* Compressed with ZIP. Free Unzip tools are available for most systems at www.info-zip.org.
Have you played this game?You can rate this game, record that you've played it, or put it on your wish list after you log in.
Playlists and Wishlists
RSS FeedsNew member reviews
Updates to downloadable files
All updates to this page
(based on 85 ratings)
About the Story
The Wizard appears, floating nonchalantly in the air beside you. He grins sideways at you.
Language: English (en)
Current Version: Unknown
Development System: ZIL
Forgiveness Rating: Cruel
Sequel to Zork I, by Marc Blank and Dave Lebling
Adapted from Zork, by Tim Anderson, Marc Blank, Bruce Daniels, and Dave Lebling
Pork 2: The Gizzard of Showbiz, by Bill LarkinsFollowed by sequel Zork III, by Dave Lebling, Marc Blank
Revenge of the Thing-Fish, by Jan Ňberg
Adventure Classic Gaming
Gameplay follows the tradition set by the previous game of the trilogy. It is totally absorbing. You meet the Wizard of Frobozz very early on when he tries to prevent you from completing your quest. He also appears at random places throughout the game and casts various spells at you that can delay you considerably, but it is well worth noting the names of them. [...] From the perspective of an adventure gamer with a passion for interactive fiction, I really enjoy the complexity of some of the puzzles. They require an awful lot of thinking!
-- Karen Tyers
See the full review
Zork II picks up where its predecessor left off in many ways -- the beginning deposits you inside the barrow that had marked the end of Zork I, your trusty lamp and sword are by your side, and your mission seems at the outset to be more treasure-gathering. But Zork II parts company with the first of the series in a variety of important ways as the game progresses -- that sword is useful, but in a way far more interesting than hack-and-slash -- and the changes suggest that the folks at Infocom were interested less in putting out more of the same than in refining their product and heightening ths challenge.
-- Duncan Stevens
See the full review
As usual in Infocom games there are plenty of puzzles, some easy and some very tricky. You meet many characters including a princess, (who is helpful), a dragon, a lizard's head embedded in a wall, (I never managed to locate his body) and a dog with three heads - a real pet once you give him what he wants.
-- Joan Dunn
See the full review
>INVENTORY - Paul O'Brian writes about interactive fiction
I think Iíve spent more time in this post criticizing Zork II than I have singing its praises, so it may be surprising when I say that this is my favorite game of the trilogy. I have plenty of affection for parts 1 and 3, but to me this is where the best parts of Zork fully jelled. The humor works wonderfully, the imagery is fantastic, and the structure mixes richness and broadness in a way that makes for wonderful memories of gaming excitement. And sure, its bad puzzles are bad, but its good puzzles are great ó deeply satisfying and marvelously layered. Zork I established the premise, and Zork III deconstructed it, but Zork II fulfilled it.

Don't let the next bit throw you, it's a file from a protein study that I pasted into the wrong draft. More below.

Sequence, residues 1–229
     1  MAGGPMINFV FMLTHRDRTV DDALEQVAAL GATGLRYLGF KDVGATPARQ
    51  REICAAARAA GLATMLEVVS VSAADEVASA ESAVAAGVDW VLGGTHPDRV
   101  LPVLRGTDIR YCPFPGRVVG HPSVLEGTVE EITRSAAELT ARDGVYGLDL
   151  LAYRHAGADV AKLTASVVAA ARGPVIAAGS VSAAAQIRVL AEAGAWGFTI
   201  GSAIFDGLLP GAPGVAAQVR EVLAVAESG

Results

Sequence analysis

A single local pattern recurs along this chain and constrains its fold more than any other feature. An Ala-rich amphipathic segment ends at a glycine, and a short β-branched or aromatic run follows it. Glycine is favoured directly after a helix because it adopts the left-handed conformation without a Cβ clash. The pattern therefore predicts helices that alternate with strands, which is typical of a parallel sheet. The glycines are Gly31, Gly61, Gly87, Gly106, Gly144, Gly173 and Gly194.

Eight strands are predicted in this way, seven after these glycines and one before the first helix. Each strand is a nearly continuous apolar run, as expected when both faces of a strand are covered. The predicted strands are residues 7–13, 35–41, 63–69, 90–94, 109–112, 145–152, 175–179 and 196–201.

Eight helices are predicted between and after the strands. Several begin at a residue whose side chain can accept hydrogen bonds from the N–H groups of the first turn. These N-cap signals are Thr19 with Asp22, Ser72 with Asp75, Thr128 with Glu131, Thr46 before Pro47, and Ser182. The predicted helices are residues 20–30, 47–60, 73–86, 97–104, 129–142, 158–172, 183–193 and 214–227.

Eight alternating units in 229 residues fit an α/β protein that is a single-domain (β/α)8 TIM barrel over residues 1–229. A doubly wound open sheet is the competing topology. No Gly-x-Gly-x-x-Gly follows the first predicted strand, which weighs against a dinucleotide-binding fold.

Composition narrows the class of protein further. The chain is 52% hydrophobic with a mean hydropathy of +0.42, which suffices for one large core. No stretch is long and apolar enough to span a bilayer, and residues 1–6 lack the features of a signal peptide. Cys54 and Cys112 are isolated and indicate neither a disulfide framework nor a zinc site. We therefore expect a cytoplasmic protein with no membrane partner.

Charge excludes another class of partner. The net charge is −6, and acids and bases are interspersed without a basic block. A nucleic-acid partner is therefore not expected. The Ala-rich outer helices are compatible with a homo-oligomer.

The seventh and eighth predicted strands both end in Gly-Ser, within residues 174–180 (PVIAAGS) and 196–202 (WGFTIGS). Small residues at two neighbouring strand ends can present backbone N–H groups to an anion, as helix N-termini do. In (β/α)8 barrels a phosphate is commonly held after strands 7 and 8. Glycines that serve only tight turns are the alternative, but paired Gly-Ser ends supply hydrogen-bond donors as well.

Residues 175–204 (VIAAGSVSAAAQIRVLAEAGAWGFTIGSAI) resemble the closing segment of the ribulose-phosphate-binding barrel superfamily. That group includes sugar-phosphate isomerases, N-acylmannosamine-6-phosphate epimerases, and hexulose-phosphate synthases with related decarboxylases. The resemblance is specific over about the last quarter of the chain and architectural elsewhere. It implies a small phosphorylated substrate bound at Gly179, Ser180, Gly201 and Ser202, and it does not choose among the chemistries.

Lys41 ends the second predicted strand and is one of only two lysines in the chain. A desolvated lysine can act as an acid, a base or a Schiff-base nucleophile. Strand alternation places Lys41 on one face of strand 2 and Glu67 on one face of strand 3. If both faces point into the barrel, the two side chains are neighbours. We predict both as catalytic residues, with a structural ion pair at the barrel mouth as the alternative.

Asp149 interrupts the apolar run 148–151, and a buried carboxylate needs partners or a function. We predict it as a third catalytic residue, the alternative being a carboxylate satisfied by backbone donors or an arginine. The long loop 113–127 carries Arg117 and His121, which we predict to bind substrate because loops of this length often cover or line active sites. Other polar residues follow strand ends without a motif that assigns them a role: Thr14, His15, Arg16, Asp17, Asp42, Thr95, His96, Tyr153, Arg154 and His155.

See the full review
- View the most common tags (What's a tag?)
|Average Rating: |
Number of Reviews: 5
Write a review
I'm trying to work my way through the Infocom catalog, posting my thoughts on a gaming forum all the while.
I find it hard to evaluate Zork II, but perhaps this is my problem alone. After all, it is the second best-rated Zork game on IFDB, surpassed only by the rather corpulent Zork Zero.
It contains what many consider the two worst puzzles in the Infocom canon. One, I am happy to forgive, considering the intent behind it. In creating the infamous "baseball maze," Dave Lebling wished make to something interesting out of Zork I's least interesting obstacle: the maze. It is, in other words, a failed attempt to innovate. The other notorious Zork II puzzle is the Bank of Zork, which is only inches away from being a worthwhile and challenging puzzle. Unfortunately, it was simply ported directly from the mainframe version of Zork. I wonder if Lebling was unwilling to alter Marc Blank's work (the puzzle was his creation). Judging from his talk at a GDC Post Mortem years ago, Lebling knew that the puzzle had issues. He knew that others at Infocom had problems with the puzzle. The Bank of Zork went in untouched, all the same.
So I will forgive one and begrudge the other.
In other good news: Zork II's map feels far more organic than Zork I's, despite the fact that they were largely cut from the same puzzle-laden cloth. My only complaint is that its central hub, the carousel, is a massive waste of your lantern's batteries, and there is no torch to save you this time. On your first playthrough, you may immediately stumble upon the source of the carousel's spinning, or you may not reach it until your lamp is flickering. Just as many game developers today do, Infocom was perhaps struggling to find the line between a challenge and a hassle.
The game's final act before victory appears to be unmotivated, and a related event can render the game unwinnable.
However, the game's new additions, the Wizard and the demon, take Zork II in an interesting and new direction. This time, the treasures are actually FOR something. There is a reasonable, in-game reason for collecting treasure that propels Zork, a game and a half later, beyond the reach of ADVENT's shadow. Slight as it is, we have something new here: a bona fide story.